Two strikes against the bohemian city

Two strikes against the bohemian city

Everyone’s been aflutter since the weekend over the news that creative-cities guru Richard Florida, who encourages cities to embrace their bohemians, will soon be living and teaching in the city. It was such good news that it took everyone’s eye off the ball in the West Queen West Triangle, the front line in Toronto’s battle for bohemian ascendancy, where Mayor David Miller has been dealt another blow.

Back in January, following a decision of the Ontario Municipal Board that allowed for massive condo development in the artist-populated Triangle (not up to speed? here’s your brief.), Miller said he’d appeal through all three avenues available to him: ask Municipal Affairs Minister John Gerretsen to overturn the decision, ask the OMB to review its own decision, and appeal it through the courts. Gerretsen essentially told Miller to stick it months ago. On Tuesday the OMB ruled in its own favour, saying its original decision remains valid. That leaves the court appeal. It starts Monday.

Meanwhile, in the background, the city and the developers have been trying to negotiate their way out of the impasse. These efforts, which many originally believed would bear fruit, are stalled. On May 31 Baywood Homes, the developer behind the Bohemian Embassy Condominiums on Queen West, offered what they call a “comprehensive” settlement of all the outstanding issues. The mayor’s office, according to Baywood counsel Ron Kanter, now seems uninterested in negotiations. The parties met privately following Tuesday’s OMB ruling, but Miller, despite his weakened bargaining position, wouldn’t budge. The Mayor has always maintained that the principle at stake was the city’s ability to control its own economic development—in this case, support creative industries by making space for bohemians. Here’s hoping the creative industries are worth the risk, not to mention the time and money being spent on the appeals.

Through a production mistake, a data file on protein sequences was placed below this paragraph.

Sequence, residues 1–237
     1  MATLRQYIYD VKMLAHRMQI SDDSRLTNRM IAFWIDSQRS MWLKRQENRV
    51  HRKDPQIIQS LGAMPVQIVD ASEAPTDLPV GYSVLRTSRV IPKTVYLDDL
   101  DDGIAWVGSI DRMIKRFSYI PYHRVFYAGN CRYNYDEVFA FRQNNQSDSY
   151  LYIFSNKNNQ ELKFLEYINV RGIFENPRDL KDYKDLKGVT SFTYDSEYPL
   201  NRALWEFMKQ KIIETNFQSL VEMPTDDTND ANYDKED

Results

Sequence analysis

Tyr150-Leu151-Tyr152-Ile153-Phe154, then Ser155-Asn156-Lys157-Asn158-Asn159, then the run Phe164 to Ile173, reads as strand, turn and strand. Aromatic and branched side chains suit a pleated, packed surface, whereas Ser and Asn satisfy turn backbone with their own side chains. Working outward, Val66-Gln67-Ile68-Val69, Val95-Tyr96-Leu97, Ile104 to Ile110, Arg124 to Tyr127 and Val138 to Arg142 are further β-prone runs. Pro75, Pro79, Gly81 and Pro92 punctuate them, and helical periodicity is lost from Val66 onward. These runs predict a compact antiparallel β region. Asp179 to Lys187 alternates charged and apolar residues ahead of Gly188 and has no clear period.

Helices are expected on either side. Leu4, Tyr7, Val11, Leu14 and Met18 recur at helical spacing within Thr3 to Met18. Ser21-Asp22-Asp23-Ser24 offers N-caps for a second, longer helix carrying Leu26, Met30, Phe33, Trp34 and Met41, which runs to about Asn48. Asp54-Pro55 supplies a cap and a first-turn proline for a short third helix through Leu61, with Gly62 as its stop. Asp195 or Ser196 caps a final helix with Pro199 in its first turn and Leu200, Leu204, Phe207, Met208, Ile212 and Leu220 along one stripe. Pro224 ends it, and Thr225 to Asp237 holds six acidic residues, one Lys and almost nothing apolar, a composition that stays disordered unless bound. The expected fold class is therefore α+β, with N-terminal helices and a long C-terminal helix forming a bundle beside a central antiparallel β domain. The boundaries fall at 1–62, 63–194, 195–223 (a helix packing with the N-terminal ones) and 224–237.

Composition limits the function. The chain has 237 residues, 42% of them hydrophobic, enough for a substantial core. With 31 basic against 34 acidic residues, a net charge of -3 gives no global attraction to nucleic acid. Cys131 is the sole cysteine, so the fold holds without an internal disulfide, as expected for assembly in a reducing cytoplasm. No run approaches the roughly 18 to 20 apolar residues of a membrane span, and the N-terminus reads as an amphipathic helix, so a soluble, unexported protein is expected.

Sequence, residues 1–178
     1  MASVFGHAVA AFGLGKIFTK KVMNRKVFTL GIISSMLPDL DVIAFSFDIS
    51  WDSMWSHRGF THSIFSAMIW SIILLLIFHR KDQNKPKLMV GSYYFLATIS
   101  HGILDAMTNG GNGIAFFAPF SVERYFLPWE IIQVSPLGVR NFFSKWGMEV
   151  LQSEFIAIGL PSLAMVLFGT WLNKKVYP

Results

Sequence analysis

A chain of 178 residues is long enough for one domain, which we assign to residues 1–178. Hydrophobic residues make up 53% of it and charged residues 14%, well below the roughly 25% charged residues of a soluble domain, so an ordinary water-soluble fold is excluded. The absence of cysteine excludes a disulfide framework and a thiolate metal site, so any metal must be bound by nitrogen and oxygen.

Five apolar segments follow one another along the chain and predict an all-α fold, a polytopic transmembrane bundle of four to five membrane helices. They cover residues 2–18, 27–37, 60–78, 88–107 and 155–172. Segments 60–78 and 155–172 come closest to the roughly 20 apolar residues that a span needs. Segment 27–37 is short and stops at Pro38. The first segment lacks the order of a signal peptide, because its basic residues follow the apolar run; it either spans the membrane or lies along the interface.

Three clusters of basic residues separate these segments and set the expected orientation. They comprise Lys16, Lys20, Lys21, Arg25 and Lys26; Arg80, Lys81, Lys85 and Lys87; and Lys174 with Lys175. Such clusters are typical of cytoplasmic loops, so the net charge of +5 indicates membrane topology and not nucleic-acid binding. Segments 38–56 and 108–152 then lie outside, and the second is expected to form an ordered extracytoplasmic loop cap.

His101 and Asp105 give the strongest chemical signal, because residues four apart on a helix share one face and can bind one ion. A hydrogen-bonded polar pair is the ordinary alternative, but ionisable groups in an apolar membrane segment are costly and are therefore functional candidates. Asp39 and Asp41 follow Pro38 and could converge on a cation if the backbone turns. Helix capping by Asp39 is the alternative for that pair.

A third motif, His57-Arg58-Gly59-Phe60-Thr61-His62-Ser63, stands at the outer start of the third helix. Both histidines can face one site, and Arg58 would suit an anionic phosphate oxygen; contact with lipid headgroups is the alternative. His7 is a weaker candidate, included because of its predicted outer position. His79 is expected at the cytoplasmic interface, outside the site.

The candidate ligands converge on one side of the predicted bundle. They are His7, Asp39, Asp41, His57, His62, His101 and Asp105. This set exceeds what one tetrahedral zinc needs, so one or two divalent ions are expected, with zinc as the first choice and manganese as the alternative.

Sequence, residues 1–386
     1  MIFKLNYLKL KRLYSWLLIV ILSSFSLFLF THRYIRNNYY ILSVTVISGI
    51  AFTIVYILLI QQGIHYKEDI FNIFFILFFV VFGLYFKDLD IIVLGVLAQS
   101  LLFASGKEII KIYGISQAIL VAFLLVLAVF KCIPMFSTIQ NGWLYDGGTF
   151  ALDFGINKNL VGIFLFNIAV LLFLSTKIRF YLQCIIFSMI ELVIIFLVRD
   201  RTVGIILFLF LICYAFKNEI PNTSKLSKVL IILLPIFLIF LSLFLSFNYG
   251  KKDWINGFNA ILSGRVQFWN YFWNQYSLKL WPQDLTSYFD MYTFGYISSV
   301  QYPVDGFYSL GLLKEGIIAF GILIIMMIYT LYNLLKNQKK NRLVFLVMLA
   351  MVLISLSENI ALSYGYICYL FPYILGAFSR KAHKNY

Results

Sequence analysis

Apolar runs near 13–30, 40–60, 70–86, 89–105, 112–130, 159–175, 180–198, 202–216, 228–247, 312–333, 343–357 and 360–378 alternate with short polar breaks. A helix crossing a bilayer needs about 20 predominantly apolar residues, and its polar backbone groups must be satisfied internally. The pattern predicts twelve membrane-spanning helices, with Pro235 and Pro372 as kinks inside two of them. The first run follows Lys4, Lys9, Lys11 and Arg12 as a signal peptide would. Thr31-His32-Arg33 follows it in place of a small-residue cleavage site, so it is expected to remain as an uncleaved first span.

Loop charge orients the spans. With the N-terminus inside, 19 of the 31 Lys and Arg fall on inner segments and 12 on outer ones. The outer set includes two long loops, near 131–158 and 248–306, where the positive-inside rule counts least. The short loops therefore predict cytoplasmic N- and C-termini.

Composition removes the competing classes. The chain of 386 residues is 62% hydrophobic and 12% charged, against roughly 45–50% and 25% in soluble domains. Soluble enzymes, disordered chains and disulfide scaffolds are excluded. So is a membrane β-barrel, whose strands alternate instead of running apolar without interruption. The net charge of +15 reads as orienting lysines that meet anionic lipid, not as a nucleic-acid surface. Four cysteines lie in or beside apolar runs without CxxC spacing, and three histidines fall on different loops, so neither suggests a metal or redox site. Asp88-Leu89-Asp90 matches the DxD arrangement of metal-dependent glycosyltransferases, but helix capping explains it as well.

I support all creative-city initiatives in this town, but it’s worth pointing out—again—that another urban guru—less celebrated but arguably more successful—came through town last week and his message to the mayor was, “promote the financial services industry.” This is the real no-brainer: financial services are the engine of the city’s economy, and Toronto City Hall’s economic development efforts ought to be anchored within this sector. Yet, while the most generous estimates suggest the creative industries account for about 10% of local GDP, the Triangle appeals amount to 100% of this administration’s economic development efforts since it was elected.

(Bleg: I have been unable to find a detailed breakdown of Toronto’s GDP by industry sector. I have searched long and hard and am coming to the conclusion that a reliable one does not exist. If anyone knows where to find one, please send it along.)

Image credit: Richard Florida by Yvonne Berg/National Post